The Environmental Protection Agency recently proposed onerous new limits carbon dioxide emissions from coal-fired power plants. The standards would prevent construction of new facilities, gradually close older ones, and eventually affect even gas-fired units.

EPA says the rules will safeguard our health and welfare from storms, sea level rise and other ravages of man-made climate change. They are in addition to 1,900 other Obama-era regulations designed to curtail or terminate coal mining and use – and dictate activities affecting air and emissions, land and soils, waterways and puddles.

Far too often, the rules are based on speculative health and environmental claims, cherry-picked Federal Registerstudies, dismissal of analyses that contradict agency assertions, and computer models that reflect unfounded assumptions and agenda-driven rule-making.

Many scientists challenge EPA’s claim that carbon dioxide controls climate change; point to solar, cosmic, oceanic and other factors the agency ignores; and note that higher concentrations of atmospheric CO2 spur plant growth and green our planet. They point out that humans contribute only 4% of the CO2 that enters the atmosphere each year, and US coal-based power generation is responsible for only 3% of worldwide human CO2 emissions.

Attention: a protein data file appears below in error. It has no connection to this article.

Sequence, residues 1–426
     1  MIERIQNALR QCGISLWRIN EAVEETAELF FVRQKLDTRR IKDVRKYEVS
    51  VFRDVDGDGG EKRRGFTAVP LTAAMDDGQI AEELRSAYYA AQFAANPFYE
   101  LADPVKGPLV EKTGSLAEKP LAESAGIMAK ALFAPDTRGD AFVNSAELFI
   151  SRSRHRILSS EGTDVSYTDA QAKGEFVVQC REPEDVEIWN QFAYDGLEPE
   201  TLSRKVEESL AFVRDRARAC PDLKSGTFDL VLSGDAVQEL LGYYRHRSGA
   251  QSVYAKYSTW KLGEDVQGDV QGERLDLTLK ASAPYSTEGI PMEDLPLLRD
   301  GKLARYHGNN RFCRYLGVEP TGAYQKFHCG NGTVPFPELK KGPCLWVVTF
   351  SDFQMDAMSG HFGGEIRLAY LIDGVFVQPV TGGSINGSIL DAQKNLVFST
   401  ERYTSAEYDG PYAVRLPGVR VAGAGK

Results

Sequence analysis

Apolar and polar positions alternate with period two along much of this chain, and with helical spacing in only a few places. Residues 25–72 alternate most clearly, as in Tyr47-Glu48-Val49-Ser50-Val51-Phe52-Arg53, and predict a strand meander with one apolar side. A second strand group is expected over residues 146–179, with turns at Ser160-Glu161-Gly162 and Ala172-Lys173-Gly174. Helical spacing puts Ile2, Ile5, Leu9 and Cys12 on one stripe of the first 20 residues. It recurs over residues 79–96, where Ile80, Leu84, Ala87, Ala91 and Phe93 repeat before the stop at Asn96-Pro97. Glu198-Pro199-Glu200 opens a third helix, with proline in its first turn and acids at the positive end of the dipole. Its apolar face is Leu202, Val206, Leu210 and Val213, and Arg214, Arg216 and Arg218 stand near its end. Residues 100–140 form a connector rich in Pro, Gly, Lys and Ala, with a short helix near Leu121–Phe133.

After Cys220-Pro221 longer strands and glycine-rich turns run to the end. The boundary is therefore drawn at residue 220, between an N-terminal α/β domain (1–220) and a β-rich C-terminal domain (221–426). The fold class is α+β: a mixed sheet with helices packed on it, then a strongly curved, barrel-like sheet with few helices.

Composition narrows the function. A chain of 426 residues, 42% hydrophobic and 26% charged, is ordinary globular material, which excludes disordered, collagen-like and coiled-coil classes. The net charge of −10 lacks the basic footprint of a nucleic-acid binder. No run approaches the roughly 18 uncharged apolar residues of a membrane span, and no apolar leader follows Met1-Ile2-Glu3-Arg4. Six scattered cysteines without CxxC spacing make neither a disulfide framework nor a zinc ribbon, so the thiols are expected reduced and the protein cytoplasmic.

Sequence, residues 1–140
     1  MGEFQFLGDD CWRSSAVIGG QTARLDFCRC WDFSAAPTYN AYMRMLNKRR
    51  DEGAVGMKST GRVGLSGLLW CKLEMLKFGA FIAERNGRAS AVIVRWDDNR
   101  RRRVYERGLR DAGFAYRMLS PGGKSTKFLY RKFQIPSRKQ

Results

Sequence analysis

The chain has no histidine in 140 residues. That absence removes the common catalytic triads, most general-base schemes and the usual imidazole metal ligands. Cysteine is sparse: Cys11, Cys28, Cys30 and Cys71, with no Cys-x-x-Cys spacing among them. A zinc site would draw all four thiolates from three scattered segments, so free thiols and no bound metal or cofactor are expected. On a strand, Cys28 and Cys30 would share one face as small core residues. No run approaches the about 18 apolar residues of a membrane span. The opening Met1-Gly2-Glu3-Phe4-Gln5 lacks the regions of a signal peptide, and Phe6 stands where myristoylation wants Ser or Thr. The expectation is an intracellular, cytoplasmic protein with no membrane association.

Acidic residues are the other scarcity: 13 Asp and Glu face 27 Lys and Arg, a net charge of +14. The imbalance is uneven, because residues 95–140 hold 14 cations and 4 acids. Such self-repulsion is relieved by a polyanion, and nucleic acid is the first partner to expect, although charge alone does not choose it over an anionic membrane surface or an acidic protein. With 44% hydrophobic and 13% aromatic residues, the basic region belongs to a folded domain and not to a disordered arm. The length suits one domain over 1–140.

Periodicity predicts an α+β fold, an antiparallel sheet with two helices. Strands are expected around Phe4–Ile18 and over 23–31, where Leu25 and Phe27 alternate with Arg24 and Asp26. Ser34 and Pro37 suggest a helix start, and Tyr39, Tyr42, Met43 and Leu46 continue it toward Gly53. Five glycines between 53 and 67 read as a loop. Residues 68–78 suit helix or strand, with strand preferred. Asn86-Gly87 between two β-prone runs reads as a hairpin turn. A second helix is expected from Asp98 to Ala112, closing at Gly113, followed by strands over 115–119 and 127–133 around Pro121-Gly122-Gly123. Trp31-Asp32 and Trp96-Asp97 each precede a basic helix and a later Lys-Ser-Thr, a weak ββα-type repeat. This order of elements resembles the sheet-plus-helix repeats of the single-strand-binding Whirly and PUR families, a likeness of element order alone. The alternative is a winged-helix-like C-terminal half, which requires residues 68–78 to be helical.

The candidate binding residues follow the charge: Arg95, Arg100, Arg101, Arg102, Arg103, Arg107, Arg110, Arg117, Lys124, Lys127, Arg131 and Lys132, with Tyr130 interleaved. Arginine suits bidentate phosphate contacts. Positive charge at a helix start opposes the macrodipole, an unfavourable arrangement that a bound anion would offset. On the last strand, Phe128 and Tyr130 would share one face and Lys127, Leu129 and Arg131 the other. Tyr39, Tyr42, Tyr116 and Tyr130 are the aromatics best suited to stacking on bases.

In other words, the power plants EPA wants to shut down account for a trivial 0.01% of the carbon dioxide added to Earth’s atmosphere annually, raising CO2 levels to about 0.04% of the atmosphere

There has been no increase in average global temperatures in 16 years. No Category 3 hurricane has hit the USA in eight years. 2013 has spawned the fewest tornadoes in decades.

Making EPA’s global warming claims even more preposterous, China, India, Russia and Brazil alone emit twice as much carbon dioxide as the United States. That means EPA’s regulations will have zero effect on climate change, and zero benefits, even if CO2 does control Earth’s climate.

EPA justifications for expensive, job-killing mercury, soot and other regulations are equally questionable.

Moreover, this is just one agency. Countless other federal, state, local and international regulatory authorities are also busy interpreting, implementing and imposing rules under thousands of laws, ordinances and treaties. The Competitive Enterprise Institute’s “Ten Thousand Commandments” project calculates that federal rules alone cost American businesses and families $1.8 trillion in annual compliance costs.

No one has estimated the enormous cumulative costs of all the multiple layers of rules – on our economic growth, innovation, competitiveness, job creation and retention, prosperity and pursuit of happiness.

Legislators and regulators justify the rules with assertions that they control miscreants and bring vast benefits to the citizenry. All too often, however, the benefits exist only in their minds, computer models and press releases.